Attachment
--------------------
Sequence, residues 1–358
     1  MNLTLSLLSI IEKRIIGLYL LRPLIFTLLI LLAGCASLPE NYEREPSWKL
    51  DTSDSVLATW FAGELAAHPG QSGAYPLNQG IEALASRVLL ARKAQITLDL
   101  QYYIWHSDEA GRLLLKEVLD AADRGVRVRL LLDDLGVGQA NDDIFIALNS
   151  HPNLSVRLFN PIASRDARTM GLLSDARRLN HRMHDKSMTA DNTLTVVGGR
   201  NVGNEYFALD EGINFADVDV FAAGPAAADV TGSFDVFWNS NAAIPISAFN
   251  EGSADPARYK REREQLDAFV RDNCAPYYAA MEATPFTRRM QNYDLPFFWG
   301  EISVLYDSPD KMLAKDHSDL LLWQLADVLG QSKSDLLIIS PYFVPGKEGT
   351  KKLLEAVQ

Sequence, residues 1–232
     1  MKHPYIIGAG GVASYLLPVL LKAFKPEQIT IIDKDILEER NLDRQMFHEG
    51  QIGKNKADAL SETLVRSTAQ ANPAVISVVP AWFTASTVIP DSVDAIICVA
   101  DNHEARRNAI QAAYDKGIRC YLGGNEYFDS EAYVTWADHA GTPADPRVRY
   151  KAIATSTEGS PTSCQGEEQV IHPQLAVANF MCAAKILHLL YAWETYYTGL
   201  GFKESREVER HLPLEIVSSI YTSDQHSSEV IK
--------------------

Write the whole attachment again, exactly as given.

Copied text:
Sequence, residues 1–358
     1  MNLTLSLLSI IEKRIIGLYL LRPLIFTLLI LLAGCASLPE NYEREPSWKL
    51  DTSDSVLATW FAGELAAHPG QSGAYPLNQG IEALASRVLL ARKAQITLDL
   101  QYYIWHSDEA GRLLLKEVLD AADRGVRVRL LLDDLGVGQA NDDIFIALNS
   151  HPNLSVRLFN PIASRDARTM GLLSDARRLN HRMHDKSMTA DNTLTVVGGR
   201  NVGNEYFALD EGINFADVDV FAAGPAAADV TGSFDVFWNS NAAIPISAFN
   251  EGSADPARYK REREQLDAFV RDNCAPYYAA MEATPFTRRM QNYDLPFFWG
   301  EISVLYDSPD KMLAKDHSDL LLWQLADVLG QSKSDLLIIS PYFVPGKEGT
   351  KKLLEAVQ

Sequence, residues 1–232
     1  MKHPYIIGAG GVASYLLPVL LKAFKPEQIT IIDKDILEER NLDRQMFHEG
    51  QIGKNKADAL SETLVRSTAQ ANPAVISVVP AWFTASTVIP DSVDAIICVA
   101  DNHEARRNAI QAAYDKGIRC YLGGNEYFDS EAYVTWADHA GTPADPRVRY
   151  KAIATSTEGS PTSCQGEEQV IHPQLAVANF MCAAKILHLL YAWETYYTGL
   201  GFKESREVER HLPLEIVSSI YTSDQHSSEV IK